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BVC student wins three-year High Court fight over exam results

27 August 2009

A law student has won an extraordinary three-year legal battle with Cardiff University to prove she should have passed her BVC exams.

Alice Clarke, who has since been called to the Bar, failed her negotiation and advanced criminal law exams in 2005. In both cases, she challenged the results through judicial review.

In R (on the application of Clarke) v Cardiff University [2009] EWHC 2148 (Admin), the court heard that in March 2005, following an opinion writing assessment, members of staff at the university become concerned that some or all of the students had obtained information about the content of the exam in advance.

“They concluded that all students should be asked to produce the textbooks that they had been permitted to take into the opinion writing assessment,” Mr Justice Wyn Williams said.

“The purpose of making such a request was that it would reveal any annotation of the textbooks which, in turn, might reveal if a student had advanced knowledge of the topic of the assessment.”

Two days later Clarke set off early to drive from Swansea to Cardiff for her negotiation assessment. She left too early to receive a letter asking her to bring in the textbooks and failed to pick up a mobile phone message.

Clarke claimed that “shortly before her assessment began” she was questioned by Andrew Jerram, the course leader, and staff member Hannah Walsh, as to why she did not have the textbooks, which she found an “upsetting episode”.

She made an extenuating circumstances application, claiming she had prepared very well for the exam but was “subjected to undue stress”, only a few minutes before it started, which left her “upset and disturbed” and damaged her performance.

In June 2005, Clarke was told she had failed the negotiation assessment. She responded by making an “adversely affected assessment circumstances” application. Both her applications were rejected by the university’s extenuating circumstances committee.

Clarke made an application to the university for verification of her results, which was rejected by an examination board in September. The board also confirmed that she had failed her advanced criminal law assessment.

She issued proceedings at the High Court in July 2006, seeking orders to quash the university’s decisions regarding her negotiation assessment and a declaration that the basis on which the advanced criminal law exam had been marked was unlawful.

In April 2008, Mr Justice Collins ordered that her advanced criminal law assessment be remarked by an independent examiner, nominated by the Bar Council. The new mark, of 71 per cent, was later moderated by the university to 51 per cent, enough to pass the exam.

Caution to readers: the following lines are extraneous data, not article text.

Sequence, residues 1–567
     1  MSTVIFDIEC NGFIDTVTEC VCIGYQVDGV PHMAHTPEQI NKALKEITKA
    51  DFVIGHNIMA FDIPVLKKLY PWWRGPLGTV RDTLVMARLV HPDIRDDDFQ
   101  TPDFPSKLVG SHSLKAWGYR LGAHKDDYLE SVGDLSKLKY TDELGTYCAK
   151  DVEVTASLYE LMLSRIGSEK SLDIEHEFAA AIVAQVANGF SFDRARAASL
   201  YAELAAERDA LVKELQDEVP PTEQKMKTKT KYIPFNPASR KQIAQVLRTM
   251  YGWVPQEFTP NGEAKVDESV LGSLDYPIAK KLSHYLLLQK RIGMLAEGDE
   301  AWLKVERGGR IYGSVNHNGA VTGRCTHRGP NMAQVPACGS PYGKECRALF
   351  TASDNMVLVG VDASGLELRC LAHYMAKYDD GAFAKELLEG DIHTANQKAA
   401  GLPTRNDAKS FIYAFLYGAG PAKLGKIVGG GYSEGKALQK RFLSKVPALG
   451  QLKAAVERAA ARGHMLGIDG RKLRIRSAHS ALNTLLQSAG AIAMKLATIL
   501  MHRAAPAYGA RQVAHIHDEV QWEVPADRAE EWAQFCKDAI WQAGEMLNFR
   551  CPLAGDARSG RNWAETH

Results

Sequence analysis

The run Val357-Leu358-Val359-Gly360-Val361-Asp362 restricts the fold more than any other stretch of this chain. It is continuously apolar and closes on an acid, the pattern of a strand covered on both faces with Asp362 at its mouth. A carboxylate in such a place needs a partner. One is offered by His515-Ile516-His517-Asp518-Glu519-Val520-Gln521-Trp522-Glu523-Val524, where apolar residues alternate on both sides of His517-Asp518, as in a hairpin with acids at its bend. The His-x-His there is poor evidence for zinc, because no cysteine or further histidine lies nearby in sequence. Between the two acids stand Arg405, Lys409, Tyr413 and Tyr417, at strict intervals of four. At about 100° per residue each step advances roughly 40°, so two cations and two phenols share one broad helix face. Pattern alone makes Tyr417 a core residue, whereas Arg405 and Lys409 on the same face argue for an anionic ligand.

In January 2009, the university’s awards and progress committee resolved that Clarke’s overall result for the BVC course should be amended to “competent”.

As a result the claimant dropped her claims relating to the criminal law exam.

Mr Justice Wyn Williams said that, as far as the negotiation assessment was concerned, “the claimant would have to disclose, if asked, that she failed negotiation first time around and was required to retake that assessment.

“If, however, her application for extenuating circumstances was successful, if reconsidered, it is at least possible that the defendant would treat her retaken assessment as her first attempt.”

Wyn Williams J said he had no doubt that the views of Clarke’s course leader and colleague were “very influential” in the decision taken by the extenuating circumstances committee in June 2005.

“In those circumstances it does not seem to me to have been fair that they should have participated in reaching the actual decision.”

The judge said that Clarke was also treated unfairly by the examination board in September 2005.

“Mr Jerram and Ms Walsh were present throughout and it is to be inferred, reasonably in my judgment, that they repeated their version of the facts.”

Mr Justice Wyn Williams quashed the extenuating circumstances committee’s decision and proposed that the exam board’s decision should also be quashed to the extent that it related to extenuating circumstances.

A spokeswoman for Cardiff University said: “While the university will consider the judgment in some detail, it is important to note that the court has said that only one decision of the university, in relation to the negotiation assessment, must be considered afresh. All other claims were dismissed.

“Subject to any appeal which the university may submit, the university will reconvene the relevant board to reconsider the matter and will look carefully at the membership of that board in light of the judgment.”

The spokeswoman added that Clarke had been ordered to contribute to the costs of the action.

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